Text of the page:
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Flexrotor makes first flight

A new miniature unmanned air vehicle, the Flexrotor, from Aerovel made its first flight on 7 September.

Flexrotor's first flight focused on autopilot performance checks and station-keeping, finishing with "a soft on-the-spot landing," says Aerovel president Tad McGeer.

Upcoming test flights will expand the hover-mode envelope. Later in the year Aerovel plans to move on to transitions between thrust- and wing-borne flight and evaluation of wing-borne performance, the company says.

McGeer, who co-founded InSitu and led development of the Aerosonde and ScanEagle UAVs, says Flexrotor's first flight was a bit different from his other experiences. "With Aerosonde we launched into flight test by barreling down the runway on a car roof, and with ScanEagle we blasted off with a catapult, so it was a nice change just to lift placidly into the air and park in a hover a few metres off the ground," he says.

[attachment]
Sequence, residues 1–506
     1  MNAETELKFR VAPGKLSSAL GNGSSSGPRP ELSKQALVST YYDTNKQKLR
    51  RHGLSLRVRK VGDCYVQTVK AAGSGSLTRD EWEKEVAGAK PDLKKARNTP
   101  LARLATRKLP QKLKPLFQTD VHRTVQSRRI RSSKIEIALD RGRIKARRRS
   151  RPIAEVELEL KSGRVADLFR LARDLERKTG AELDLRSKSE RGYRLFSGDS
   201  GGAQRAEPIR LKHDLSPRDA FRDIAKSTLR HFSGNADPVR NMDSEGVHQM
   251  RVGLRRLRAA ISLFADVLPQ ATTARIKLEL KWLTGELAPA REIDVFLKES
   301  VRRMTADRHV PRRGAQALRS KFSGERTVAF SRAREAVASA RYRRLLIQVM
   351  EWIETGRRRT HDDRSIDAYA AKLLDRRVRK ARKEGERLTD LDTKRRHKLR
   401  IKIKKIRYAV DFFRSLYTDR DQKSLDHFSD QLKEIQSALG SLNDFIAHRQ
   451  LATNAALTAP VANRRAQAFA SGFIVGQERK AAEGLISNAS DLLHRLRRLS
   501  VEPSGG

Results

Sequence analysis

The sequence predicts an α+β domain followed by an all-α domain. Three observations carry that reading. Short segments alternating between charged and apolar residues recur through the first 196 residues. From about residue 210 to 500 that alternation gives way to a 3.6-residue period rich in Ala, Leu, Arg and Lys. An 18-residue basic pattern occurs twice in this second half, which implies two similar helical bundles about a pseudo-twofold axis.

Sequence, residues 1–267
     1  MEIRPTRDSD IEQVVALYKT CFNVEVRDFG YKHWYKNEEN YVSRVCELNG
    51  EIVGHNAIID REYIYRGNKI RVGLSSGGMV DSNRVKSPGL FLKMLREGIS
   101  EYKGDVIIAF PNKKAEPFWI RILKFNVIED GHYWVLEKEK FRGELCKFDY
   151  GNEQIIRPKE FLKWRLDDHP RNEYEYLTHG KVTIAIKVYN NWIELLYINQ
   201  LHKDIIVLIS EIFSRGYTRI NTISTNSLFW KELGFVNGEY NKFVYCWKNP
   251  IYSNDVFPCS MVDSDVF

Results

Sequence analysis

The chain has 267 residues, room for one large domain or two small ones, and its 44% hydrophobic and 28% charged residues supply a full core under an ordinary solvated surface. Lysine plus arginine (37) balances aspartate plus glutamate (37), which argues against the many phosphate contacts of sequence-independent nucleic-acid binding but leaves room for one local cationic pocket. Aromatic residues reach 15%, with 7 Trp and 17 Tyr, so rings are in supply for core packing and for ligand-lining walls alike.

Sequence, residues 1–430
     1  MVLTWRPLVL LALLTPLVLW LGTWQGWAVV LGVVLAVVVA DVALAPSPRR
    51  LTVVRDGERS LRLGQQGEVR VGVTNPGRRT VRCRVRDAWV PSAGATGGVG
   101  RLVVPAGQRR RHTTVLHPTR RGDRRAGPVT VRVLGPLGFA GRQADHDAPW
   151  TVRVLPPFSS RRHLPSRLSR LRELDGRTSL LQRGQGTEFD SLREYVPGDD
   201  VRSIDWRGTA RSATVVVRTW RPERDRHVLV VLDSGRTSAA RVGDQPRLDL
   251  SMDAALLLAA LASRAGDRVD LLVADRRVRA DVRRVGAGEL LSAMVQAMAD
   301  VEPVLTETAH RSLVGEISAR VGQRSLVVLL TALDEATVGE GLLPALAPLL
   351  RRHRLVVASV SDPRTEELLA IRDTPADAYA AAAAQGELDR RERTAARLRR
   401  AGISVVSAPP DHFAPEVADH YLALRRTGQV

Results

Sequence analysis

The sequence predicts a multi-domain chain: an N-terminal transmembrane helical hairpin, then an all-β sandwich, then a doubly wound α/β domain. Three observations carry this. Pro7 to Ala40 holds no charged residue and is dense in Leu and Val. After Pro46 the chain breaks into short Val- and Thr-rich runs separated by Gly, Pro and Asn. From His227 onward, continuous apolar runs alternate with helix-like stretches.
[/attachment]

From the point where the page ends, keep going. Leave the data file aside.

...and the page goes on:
The gas-powered, V-tailed Flexrotor takes off and lands nose-up like a tailsitter, although the tail never touches the ground. It also hovers like a helicopter, but cruises horizontally like a traditional fixed-wing aircraft. Thrusters on each end of the 3m (9.8ft) wing are deployed to provide an anti-torque force.

Aerovel Flexrotor UAV 

 © Aerovel

The wingtip thrusters allow Flexrotor to achieve not only vertical take-off and landing, explains McGeer, but also fully-automated turnaround.

"We're designing a lightweight base station for automatic retrieval, parking, refueling and launch," says McGeer. "It should be practical for tough spots, like the windswept, heaving deck of a small boat. Automated turnaround should enable high utilisation, and keep operating costs down."

The propeller-driven, 1.6m-long (5.2ft) UAV can carry payloads up to about 1kg (2.2lb) in the non-rotating nose for about 40h at a time, the company says. With a range of more than 3,000km (1,620nm), the 19kg Flexrotor is designed to challenge the ScanEagle for the commercial and military land- and ship-based surveillance markets, says McGeer. Other potential uses include weather and environmental monitoring and geological survey.

Aerovel intends to field Flexrotor in 2012. Development has been in conjunction with the US Defense Advanced Research Projects Agency, the US Office of Naval Research, Hood Technology Corporation and the University of Washington.

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